The knowledge that in the Roman Empire they had of Chinese silk, highlighted above all the imaginary, the secrecy and the exotic. At first, the Romans imagined that silk was the product of a kind of wool tree and that these “beings (of Sericum) who drank water” lived until 200 or 300 years. That is, for example, what Pliny the Elder affirmed in his Natural History or Virgil in the Georgic .
Inscription on the Representative List of the Intangible Cultural Heritage of Humanity
The Intergovernmental Committee for the Safeguarding of the Intangible Cultural Heritage (PCI) inscribed Chinese silk sericulture and handicrafts on the Representative List of the Intangible Cultural Heritage of Humanity , given that the application fulfilled all the required criteria, namely :
ICP definition: Long ago, Chinese silk sericulture and crafts have conferred a sense of identity and continuity on communities in many regions of the country.
Contribution to the notoriety of the PCI: Its inscription on the Representative List may contribute not only to the increase in the notoriety of the intangible cultural heritage and of one of the oldest Chinese handicrafts at the national and international level, but also to the promotion of creativity, by highlighting its aesthetic significance.
Safeguard measures: A coherent and detailed set of safeguard measures has been defined, paying special attention to the creation of educational programs for children.
Community participation: Community participation is convincingly detailed and your consent is evidenced in detailed letters.
Inventory: The item is inscribed on the National List of Intangible Cultural Heritage administered by the Department of Intangible Cultural Heritage of the Ministry of Culture.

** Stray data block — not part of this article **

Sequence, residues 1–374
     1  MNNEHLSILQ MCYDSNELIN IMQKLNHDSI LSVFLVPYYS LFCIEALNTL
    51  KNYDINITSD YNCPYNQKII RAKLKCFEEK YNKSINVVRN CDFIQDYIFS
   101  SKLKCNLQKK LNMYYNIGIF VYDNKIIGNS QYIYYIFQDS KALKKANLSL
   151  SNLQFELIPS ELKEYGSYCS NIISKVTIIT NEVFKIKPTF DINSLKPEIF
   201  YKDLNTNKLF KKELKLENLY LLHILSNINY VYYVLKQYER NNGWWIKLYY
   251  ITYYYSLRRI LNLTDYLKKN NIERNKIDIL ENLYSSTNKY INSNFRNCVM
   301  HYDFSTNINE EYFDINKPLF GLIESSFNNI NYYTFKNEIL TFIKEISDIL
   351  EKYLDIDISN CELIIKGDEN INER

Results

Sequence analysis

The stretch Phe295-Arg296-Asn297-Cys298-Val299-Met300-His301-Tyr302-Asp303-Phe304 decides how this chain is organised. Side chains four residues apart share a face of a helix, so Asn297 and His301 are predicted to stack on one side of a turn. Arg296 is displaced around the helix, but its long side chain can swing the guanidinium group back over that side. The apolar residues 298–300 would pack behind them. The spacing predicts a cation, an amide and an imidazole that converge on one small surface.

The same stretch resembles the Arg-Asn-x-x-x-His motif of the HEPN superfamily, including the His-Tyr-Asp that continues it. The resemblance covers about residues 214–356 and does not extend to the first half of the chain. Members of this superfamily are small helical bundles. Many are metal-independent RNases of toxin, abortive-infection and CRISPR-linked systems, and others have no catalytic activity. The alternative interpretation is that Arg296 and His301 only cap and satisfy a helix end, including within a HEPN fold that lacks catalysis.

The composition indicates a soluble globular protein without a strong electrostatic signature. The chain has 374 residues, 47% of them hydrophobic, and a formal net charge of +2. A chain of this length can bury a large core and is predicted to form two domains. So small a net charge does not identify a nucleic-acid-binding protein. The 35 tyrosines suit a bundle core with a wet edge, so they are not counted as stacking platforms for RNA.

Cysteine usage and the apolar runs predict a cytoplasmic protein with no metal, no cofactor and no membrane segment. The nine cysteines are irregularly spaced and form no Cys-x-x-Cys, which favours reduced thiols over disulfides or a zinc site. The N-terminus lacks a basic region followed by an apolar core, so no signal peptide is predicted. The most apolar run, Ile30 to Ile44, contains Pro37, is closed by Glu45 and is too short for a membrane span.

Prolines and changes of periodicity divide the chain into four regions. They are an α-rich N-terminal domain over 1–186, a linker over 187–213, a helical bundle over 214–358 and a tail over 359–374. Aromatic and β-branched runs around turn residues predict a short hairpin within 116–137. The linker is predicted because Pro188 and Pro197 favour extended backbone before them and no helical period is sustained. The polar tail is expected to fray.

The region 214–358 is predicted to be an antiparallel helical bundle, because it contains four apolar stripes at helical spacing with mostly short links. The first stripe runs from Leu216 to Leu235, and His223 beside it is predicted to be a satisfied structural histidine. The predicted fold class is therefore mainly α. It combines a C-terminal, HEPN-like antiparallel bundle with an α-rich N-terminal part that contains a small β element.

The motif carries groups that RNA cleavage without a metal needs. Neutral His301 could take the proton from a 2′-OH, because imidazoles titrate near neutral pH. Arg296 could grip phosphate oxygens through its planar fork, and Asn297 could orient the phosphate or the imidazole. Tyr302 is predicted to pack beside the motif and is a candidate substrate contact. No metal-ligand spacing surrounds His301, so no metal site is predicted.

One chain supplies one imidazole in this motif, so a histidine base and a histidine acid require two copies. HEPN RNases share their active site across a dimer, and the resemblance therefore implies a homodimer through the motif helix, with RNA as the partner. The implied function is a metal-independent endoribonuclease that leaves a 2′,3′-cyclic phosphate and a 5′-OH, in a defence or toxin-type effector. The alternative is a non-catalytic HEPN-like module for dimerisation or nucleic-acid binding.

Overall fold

Sericulture and silk crafts practiced in Zhejiang and Jiangsu provinces , near Shanghai , and in Sichuan province , ChengduThey have a long history. Silk-making, a task traditionally assumed by women in the rural economy, involves growing mulberry trees, raising silkworms, winding and spinning silk, designing fabrics and making them. Sericulture techniques, passed down from parents to children and from teachers to apprentices, have also often spread within local groups. The life cycle of the silkworm was considered a representation of human life, death and rebirth. In the ponds scattered throughout the villages, the silkworm droppings are used to feed the fish, while the silt is used as fertilizer for the mulberry trees and the mulberry leaves are used to feed the worms. As the beginning of the lunar year approaches, worm breeders invite artisans to their homes to relive the legend of the Goddess of Silkworms, conjure up evils, and command a plethora of silk cocoons. Every year, in April, during the “Silkworm Flower Festival”, the sericulturists adorn themselves with multicolored silk and paper flowers and make offerings to bring about a good harvest. Silk is also present in a more material way in the life of the rural populations of China, since in their daily life they use articles made with it: dresses, quilts, umbrellas, fans and flowers. During the “Silkworm Flower” Festival, the mills adorn themselves with multi-colored silk and paper flowers and make offerings to deliver a good harvest. Silk is also present in a more material way in the life of the rural populations of China, since in their daily life they use articles made with it: dresses, quilts, umbrellas, fans and flowers. During the “Silkworm Flower” Festival, the mills adorn themselves with multi-colored silk and paper flowers and make offerings to deliver a good harvest. Silk is also present in a more material way in the life of the rural populations of China, since in their daily life they use articles made with it: dresses, quilts, umbrellas, fans and flowers.